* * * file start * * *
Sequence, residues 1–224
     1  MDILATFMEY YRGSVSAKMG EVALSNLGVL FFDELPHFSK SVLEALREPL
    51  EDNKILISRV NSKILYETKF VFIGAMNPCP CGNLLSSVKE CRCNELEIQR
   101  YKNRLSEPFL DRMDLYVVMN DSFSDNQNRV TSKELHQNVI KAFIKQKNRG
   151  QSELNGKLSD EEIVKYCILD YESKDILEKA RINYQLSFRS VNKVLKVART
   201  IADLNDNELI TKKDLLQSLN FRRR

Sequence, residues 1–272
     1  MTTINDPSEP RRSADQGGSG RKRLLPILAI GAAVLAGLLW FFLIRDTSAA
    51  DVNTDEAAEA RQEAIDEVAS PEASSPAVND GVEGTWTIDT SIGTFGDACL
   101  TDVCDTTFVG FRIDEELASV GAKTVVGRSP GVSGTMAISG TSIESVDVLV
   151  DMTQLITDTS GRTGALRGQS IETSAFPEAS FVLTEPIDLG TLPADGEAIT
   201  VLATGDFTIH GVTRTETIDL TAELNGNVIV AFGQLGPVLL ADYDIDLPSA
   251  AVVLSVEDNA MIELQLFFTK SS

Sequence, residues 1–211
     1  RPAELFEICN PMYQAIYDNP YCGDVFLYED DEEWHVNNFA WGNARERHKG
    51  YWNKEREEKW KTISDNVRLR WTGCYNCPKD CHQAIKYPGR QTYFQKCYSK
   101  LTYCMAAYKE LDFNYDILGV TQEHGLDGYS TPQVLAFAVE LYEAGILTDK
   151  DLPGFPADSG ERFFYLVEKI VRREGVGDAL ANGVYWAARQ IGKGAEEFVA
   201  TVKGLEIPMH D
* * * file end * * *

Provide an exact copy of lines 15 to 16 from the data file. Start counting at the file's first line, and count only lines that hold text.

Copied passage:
     1  RPAELFEICN PMYQAIYDNP YCGDVFLYED DEEWHVNNFA WGNARERHKG
    51  YWNKEREEKW KTISDNVRLR WTGCYNCPKD CHQAIKYPGR QTYFQKCYSK